Recording the Newsletters issued by Casino Community Garden, located on the corner of Adam and Hartley Streets
(adjacent to entrance to Queen Elizabeth Park), South Casino, NSW, Australia.

The garden is a project of Casino Neighbourhood Centre, overseen by the Community Development Project Coordinator. As the flier concerning community gardens says, it is a place of beauty, joy, peace and kindliness, and friendliness too.

All links active at time of publication. Please report any broken link you come across to Jan. Thank you.

8 June 2013



Monthly Newsletter #4 Issued June 2013

Vegetable Planting Guide by Gardening Australia

Beetroot, Broad beans, Cabbage, Carrots, Cauliflower, Celeriac, Celery, Chicory, Chives, Collards, Endive, Garlic, Kale, Kohlrabi, Lettuce, Mustard greens, Onions, Parsley, Peas, Radish, Rocket,Shallots, Silverbeet, Snow Peas.
ABC Vegie Guide
Website advises whether to plant in garden or seed trays and time until harvest.

June in your patch (North from Coffs Harbour)
  •  Still time to plant winter vegies including potatoes, and fruit trees.
  • Time to feed your garden with a seaweed tea, or any low environmental impact liquid fertiliser, perfect for giving them a kick start as they establish.  Apply to soil early in the morning and in the concentrations mentioned on the packet.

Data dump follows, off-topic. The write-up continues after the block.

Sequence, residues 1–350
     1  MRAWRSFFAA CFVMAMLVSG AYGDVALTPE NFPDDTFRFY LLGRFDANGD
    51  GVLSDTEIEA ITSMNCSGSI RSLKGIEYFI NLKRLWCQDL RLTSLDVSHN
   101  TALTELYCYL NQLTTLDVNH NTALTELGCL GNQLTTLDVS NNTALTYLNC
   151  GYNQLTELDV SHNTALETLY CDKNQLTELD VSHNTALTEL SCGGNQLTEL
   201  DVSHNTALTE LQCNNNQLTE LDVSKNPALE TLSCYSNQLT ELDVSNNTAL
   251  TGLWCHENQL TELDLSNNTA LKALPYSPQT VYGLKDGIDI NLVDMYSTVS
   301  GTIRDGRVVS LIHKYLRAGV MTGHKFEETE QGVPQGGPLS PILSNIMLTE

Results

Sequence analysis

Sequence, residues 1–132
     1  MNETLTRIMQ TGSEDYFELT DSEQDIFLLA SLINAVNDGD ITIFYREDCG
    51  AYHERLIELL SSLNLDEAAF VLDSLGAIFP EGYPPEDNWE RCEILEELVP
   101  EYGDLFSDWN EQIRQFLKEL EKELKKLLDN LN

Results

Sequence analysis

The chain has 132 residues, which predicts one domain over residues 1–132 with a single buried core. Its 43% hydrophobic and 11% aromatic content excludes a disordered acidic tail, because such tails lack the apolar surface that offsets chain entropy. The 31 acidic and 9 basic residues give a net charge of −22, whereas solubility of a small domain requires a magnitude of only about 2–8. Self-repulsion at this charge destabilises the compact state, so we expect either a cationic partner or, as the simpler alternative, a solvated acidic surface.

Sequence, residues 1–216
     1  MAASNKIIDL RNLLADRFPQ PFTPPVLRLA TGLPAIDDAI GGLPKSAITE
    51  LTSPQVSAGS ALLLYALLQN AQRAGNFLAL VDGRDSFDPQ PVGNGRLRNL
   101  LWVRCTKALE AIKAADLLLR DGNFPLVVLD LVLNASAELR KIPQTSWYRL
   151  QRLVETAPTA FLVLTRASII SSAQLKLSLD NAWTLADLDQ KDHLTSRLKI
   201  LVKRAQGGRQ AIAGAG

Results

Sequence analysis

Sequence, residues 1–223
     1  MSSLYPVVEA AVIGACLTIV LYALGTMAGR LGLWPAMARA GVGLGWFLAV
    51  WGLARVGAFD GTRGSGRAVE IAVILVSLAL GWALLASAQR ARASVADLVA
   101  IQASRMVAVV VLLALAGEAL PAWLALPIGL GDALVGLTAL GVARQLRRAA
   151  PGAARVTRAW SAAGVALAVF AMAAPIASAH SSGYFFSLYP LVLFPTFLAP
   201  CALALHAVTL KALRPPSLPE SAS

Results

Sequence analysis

• Plant flowers - marigolds, lupins, pansies, violas, phlox, verbena and lavender for colour and to attract beneficial insects.
  • Consider a green manure crop for an overworked patch. Try millet, oats, lupins or field peas.
  • Water with deep drink first thing in the morning a couple of times a week.
  • Always check soil moisture before watering at this time of year.
  • Top up mulch on your vegie patches, herb gardens and ornamental beds for weed suppression to about 7cm.  Keep mulch clear of plant stems... especiallly young seedlings.  Choose a sustainable, low environmental impact mulch, one that will enrich your soil as it breaks down.
  • Weeding is an awesome job to do at this time of year.  Cut down the competition between your plants and weeds, and tidy up your patch.  It may sound tedious, but it's incredibly rewarding.

Sustainable Gardening  here

Around Casino Community Garden this Month
Every Tuesday from 8.30am: Join in at the garden for hoeing, weeding and general garden activities, planting still going on.

Every Wednesday 12 noon: Lunch gatherings every week at the garden - come on down at noon and have a bite to eat, a cuppa and a chat to the regulars.... we often talk about good things like good food, gardening and all things healthy living.....

We currently have a regular gardener. Come along and say hello to Mark on Tuesday or Wednesday morning, and see all that is going on at the garden.

Photo by Heather Day

May Garden Clinic

Our May Garden Clinic was held under the banner of a regional campaign by Sustain Northern Rivers - Think Global - Eat Local.

It was a glorious, sundrenched Autumn day and the garden looked very inviting.